How to differentiate your business

4 Apr, 2018

How to differentiate your business in a sea of same-old ideas

We’ve all been there. You’re so excited about a new business idea you could pop. That’s until a Google search deflates your zeal with scores of similar ideas? What you thought was original, is nothing more than a done-before flash of brilliance just a little too late. You have missed the bus. Or have you?

Embrace the facts
The concept of simultaneous invention proposes that most discoveries are made independently by multiple inventors pretty much at the same time. It suggests that similar ideas arise through the crossing and influencing of pre-existing facts and concepts. This phenomenon is on the rise as the Internet exposes more people to the same facts.

By no means does this imply that you have missed the bus. It simply suggests that there are alternative routes. Instead of chasing novel ideas, look at existing ideas differently, find the gap and fill it.

Here are 5 ways to differentiate your business:

  • Get your data ducks in a row
    If you haven’t already moved away from inefficient paper-based systems, do it now. Data is the lifeblood of an organisation and key to differentiation is turning data into usable and competitive insights. Learn to analyse data in new and creative ways to put you ahead of the rest. Organise your data to enable quick and easy cross-channel analytics. Use Managed Document Solutions to tackle the big data conundrum and turn scattered paper-based facts into competitive insights. Use the analytics tools available to you to find and validate new ideas.
  • Harness the efforts of competitors
    Instead of shying away from a competitive landscape, look at how your idea can appeal to the existing market. Use your competitors as a benchmark, what they do well and where they fall short, to shape your ideas into superior solutions. Differentiation lies in the undiscovered market gaps and satisfying unfulfilled needs.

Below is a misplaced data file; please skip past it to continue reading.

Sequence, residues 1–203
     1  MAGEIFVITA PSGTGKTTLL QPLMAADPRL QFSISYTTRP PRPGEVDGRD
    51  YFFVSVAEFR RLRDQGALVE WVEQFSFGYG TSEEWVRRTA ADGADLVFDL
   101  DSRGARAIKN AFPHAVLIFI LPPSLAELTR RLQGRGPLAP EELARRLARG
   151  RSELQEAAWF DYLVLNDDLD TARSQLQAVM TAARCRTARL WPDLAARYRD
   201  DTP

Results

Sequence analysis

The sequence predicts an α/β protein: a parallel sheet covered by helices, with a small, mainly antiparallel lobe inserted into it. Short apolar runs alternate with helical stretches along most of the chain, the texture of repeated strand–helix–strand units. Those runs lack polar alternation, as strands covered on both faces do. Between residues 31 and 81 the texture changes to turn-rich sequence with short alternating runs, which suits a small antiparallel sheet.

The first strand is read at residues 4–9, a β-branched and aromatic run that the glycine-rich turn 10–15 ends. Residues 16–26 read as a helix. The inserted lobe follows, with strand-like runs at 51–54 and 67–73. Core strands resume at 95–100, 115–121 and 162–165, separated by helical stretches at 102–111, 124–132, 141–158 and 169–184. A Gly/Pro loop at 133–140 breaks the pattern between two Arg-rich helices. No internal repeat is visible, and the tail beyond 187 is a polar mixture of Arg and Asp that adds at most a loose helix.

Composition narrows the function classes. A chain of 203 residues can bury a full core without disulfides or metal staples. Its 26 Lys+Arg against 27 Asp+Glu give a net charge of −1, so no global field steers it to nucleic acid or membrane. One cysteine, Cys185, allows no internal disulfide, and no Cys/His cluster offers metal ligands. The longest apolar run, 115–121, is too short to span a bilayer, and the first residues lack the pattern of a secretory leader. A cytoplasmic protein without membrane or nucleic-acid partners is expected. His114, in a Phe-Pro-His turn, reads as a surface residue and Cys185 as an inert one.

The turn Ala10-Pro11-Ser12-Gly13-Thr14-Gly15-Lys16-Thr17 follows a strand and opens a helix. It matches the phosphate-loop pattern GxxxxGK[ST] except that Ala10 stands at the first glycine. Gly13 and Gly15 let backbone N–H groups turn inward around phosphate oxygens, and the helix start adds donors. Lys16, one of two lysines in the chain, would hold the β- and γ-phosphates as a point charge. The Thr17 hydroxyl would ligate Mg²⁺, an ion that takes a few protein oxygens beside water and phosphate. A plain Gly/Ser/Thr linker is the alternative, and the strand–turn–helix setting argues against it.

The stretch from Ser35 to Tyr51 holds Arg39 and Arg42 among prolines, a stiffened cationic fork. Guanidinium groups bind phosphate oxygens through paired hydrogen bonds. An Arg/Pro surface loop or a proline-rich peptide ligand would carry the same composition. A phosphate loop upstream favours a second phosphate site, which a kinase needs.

• Identify consumer pain points
    Connect with your competitors’ online communities to discover their wants, likes and frustrations with the products they’re currently buying. Make a list of your competitors and their unique selling propositions (USPs). Start following competitors’ followers and try to discover how your business idea can be tailored to take care of their pain points.
  • Fine-tune your USP
    To be memorable, you need an alluring value proposition that fosters an emotional brand connection. Competing on price alone is a recipe for “me-too” mediocrity. Transform your idea into a clear-cut marketable benefit with claims no other company can make. If you don’t have a differentiating factor, invent one but always keep it rooted in a value proposition that meets a compelling consumer need.
  • Strike when the iron is hot
    It’s important to know when an idea is worth pursuing. Some ideas are seasonal and time-sensitive while others can secure you a solid first-move advantage. Keep your ear to the ground for changing consumer sentiments rather than just industry fundamentals.

True eureka moments are few and far between but compelling ideas can come from anywhere. If you change your perspective, the idea itself often changes. Take the first step by changing your point of view. Relying on industry trends to spark new ideas often leads to competitors coming to the same conclusions.

Avoid getting stuck in the comfort zones of tried-and-tested methods. Instead, look for inspiration in unrelated industries. Consumers are always on the lookout for new experiences. To meet this need, step out and try new things for yourself first.

If your ideas feel like a copy and paste version of someone else’s brainchild, consider these words:

“Creativity is just connecting things. When you ask creative people how they did something, they feel a little guilty because they didn’t really do it, they just saw something. It seemed obvious to them after a while. That’s because they were able to connect experiences they’ve had and synthesise new things.” – Steve Jobs

Tags